A common and beloved fast-growing trailing plant, the spider plant helps clear the air of toxins, as well as being safe around cats and dogs. (This plant, in particular, seems to get nibbles from cats. If your cat is taking a liking to it, look into offering it cat grass indoors instead). Easy to grow and propagate from!

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Parlour Palm

Also known as Kentia palms, these are an absolute classic! This palm has been a prized houseplant for hundreds of years. As well as bringing a tropical feel into your home, it is also safe around cats and dogs. Slow growing palms are perfect for any corner of a brightly-lit room.

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African violets

A gorgeous plant with furry leaves and long-lasting blooms of white, blues, purples and pinks. These are safe to be on low tables around cats, and dogs will be fine if they nibble the plant.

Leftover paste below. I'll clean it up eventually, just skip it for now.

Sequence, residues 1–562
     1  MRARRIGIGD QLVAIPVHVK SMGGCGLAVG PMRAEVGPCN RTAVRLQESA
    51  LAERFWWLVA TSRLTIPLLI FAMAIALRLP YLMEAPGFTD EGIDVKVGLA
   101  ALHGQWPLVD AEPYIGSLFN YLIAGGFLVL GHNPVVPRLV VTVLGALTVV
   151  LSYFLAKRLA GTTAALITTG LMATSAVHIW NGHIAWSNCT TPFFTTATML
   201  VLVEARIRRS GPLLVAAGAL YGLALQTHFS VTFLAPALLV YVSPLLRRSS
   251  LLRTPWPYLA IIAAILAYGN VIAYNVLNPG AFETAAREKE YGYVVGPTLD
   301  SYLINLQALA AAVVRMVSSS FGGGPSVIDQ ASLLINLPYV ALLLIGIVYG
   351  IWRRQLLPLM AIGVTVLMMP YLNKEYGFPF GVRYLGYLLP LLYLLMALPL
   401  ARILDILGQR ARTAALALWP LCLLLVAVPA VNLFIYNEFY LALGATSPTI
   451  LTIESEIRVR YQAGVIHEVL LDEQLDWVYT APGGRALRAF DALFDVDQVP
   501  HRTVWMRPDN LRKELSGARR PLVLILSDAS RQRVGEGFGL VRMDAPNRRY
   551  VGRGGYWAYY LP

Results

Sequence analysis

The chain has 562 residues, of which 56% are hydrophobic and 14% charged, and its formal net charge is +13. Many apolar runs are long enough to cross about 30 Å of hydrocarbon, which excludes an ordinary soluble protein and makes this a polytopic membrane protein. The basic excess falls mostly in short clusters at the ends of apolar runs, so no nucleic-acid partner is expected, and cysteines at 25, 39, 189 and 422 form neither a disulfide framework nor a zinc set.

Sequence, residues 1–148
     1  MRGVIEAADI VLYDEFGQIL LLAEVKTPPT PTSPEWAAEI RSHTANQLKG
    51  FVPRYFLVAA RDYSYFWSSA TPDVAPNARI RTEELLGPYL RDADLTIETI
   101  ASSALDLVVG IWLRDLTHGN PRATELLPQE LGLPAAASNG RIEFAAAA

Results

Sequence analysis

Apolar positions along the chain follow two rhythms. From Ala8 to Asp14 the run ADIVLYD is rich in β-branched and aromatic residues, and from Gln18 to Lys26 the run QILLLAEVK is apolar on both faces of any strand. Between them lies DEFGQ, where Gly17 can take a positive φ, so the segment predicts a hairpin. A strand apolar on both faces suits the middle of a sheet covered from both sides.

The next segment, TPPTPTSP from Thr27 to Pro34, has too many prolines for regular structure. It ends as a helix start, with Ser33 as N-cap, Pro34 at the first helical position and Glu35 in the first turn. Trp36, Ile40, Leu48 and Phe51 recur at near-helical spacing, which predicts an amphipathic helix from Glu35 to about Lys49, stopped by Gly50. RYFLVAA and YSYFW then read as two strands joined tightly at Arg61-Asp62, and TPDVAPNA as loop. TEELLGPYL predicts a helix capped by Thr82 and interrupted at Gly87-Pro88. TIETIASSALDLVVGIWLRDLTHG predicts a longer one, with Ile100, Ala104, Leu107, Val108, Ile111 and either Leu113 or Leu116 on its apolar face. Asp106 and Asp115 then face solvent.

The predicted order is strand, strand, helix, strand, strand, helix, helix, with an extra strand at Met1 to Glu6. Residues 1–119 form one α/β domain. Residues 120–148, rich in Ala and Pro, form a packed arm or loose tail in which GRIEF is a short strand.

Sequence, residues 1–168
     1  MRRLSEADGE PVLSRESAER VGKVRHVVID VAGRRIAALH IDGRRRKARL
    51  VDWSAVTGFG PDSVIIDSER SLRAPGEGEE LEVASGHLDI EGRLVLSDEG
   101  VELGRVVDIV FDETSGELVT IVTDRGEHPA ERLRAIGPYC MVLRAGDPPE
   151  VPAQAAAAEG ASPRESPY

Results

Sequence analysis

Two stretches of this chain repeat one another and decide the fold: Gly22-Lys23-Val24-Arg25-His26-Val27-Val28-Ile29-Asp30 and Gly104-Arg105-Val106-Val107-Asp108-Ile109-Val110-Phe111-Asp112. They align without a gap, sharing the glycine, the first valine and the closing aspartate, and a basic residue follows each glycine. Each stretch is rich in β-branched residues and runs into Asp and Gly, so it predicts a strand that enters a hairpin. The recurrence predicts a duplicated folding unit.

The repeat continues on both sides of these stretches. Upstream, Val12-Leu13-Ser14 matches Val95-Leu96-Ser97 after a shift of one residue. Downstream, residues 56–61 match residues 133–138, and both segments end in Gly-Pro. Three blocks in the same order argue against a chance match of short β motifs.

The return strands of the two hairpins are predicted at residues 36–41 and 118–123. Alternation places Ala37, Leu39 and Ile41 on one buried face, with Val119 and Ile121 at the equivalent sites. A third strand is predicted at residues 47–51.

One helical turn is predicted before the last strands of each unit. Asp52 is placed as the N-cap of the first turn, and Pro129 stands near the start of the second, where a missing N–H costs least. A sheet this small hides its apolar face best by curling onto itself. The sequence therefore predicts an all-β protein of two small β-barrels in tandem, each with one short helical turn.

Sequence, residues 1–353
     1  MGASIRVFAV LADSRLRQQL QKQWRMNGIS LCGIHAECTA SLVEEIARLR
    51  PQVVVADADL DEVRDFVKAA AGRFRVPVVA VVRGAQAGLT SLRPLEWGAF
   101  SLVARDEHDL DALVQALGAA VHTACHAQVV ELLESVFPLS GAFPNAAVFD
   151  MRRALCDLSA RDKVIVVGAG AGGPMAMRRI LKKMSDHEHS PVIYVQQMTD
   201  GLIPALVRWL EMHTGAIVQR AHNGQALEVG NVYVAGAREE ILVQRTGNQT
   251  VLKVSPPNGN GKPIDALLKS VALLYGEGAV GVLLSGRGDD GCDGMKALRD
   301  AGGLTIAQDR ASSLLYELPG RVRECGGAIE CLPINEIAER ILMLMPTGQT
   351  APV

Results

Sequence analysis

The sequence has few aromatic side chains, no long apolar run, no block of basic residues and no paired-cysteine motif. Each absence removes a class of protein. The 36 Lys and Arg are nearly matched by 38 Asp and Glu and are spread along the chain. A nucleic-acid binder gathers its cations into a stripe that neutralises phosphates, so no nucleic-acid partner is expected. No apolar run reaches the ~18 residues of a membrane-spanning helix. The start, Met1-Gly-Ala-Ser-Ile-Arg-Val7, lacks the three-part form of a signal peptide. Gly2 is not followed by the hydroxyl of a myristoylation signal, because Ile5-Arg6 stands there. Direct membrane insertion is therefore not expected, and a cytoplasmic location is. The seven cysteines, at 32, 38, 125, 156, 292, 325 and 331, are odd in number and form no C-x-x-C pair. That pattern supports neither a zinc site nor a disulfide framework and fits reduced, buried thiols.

African violets don't need a lot of care and like warm rooms with a good amount of indirect light. They come in a range of colours too!

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Hoya

Beautiful trailing plants with star-shaped flowers that can be arranged around south-facing windows, these plants are safe for cats and dogs. Hoya flowers appear in summer and can be in a range of colours depending on what variety they are.

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Christmas cactus

Also known as zygocactus, these plants like blooming in the darkness of winter. Christmas cactus plants are easy to propagate and are non-toxic to animals.
Plants flower in winter and can be pink, peach, white or red.

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Polka dot plant